(The Bay Area -- KALW) As cities across the country face steep budget cuts, many local governments are looking at their transportation departments and wondering if someone else could do the same job for less money.
That’s exactly what Fairfield, California thought. The small city (about 100,000 residents) contracted MV Transportation to run the bus system for the Fairfield and Suisun Transit organization, or FAST, hoping the company would bring a regular bus service to its suburban population.
But the reality was less than perfect, and it could serve as a cautionary tale to cities considering a private company for their public transit.
Zusha Ellison, a reporter for the Bay Citizen, uncovered a whole mess of problems with MV Transportation, from chronically late buses to city council members forgiving some of the $164,000 in fines that the company had racked up.
Ellison talked to George Fink, the former head of FAST, who spent his time trying to reign in MV Transportation. But the transit company was well-connected in the local government, which made it difficult for FAST to police the company. Fink remembers getting calls from his boss after criticizing MV Transportation, telling him to back off.
There have been other cases where private operators have taken over public bus systems with mixed results. When Nassau County, New York shifted it's bus system to a private operator, service was reduced on 60 percent of the routes in an effort to limit losses*. North of New York City, a Poconos bus operator filled a gap when transit cuts reduced public bus service, but the fleet used was shabbier and drew regulatory scrutiny. And a private eco-friendly operator in Detroit launched with some fanfare last year, only to shift business models for lack of customer demand.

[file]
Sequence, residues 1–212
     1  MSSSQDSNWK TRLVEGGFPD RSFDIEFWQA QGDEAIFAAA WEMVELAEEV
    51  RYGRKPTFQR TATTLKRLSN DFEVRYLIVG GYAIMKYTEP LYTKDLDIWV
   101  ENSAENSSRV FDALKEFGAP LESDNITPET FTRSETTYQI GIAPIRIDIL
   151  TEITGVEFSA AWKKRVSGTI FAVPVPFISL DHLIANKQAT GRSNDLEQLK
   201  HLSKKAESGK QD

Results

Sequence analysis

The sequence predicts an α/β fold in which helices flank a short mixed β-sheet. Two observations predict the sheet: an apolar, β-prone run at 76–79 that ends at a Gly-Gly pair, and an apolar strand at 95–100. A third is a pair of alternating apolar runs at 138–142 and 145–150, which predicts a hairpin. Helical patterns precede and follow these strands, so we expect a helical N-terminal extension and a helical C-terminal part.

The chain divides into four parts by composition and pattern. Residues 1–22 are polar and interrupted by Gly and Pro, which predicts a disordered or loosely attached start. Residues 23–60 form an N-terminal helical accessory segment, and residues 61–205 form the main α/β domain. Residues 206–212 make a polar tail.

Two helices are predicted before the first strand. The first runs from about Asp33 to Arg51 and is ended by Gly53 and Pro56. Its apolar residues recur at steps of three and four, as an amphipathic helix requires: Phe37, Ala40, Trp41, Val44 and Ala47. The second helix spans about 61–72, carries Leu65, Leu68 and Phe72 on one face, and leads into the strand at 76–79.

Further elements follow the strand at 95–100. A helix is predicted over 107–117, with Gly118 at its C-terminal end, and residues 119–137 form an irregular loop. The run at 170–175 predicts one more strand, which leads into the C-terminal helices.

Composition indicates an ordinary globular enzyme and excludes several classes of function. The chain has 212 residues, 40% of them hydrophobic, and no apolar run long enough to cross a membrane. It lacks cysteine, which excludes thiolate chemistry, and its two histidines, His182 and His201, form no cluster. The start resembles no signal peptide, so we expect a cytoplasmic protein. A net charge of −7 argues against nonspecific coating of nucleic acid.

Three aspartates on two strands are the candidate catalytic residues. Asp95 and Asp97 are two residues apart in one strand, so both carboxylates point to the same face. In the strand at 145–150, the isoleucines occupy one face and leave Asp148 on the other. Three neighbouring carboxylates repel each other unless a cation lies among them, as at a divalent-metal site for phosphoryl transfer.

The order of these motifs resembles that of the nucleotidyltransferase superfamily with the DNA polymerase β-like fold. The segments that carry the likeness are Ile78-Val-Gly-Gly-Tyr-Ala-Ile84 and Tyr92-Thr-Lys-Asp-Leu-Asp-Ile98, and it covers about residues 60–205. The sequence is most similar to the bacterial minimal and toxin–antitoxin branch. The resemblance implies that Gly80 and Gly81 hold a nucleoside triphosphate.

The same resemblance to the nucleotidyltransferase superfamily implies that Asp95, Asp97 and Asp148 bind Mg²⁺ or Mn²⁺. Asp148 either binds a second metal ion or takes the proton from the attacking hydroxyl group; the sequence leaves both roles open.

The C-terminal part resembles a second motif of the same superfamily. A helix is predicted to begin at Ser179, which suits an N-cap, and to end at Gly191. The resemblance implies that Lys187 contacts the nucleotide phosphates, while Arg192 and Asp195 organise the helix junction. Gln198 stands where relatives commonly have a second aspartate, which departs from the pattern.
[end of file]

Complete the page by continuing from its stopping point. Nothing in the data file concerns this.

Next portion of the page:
The Farfield California is one example--a stark and cautionary example--of what can happen when local transit is turned over to private ownership, according to the Bay Citizen report.
* Ruth Ott of Veolio Transportation, the company that runs NICE Bus, wrote to contest our assessment of service cuts that we first reported the cuts a year ago. She writes:
We have improved both service quality and operational performance ... Customer satisfaction and customer perception of punctuality, vehicle reliability, bus cleanliness, quality of passenger information, operator courtesy have all increased significantly, by 50% to 60%, as measured by independent market research surveys.
We have made the best use of the available budget for transit service. The available dollars in 2012 were actually $35 million less than the $156 million that had been estimated by the MTA [ed note: the previous operator].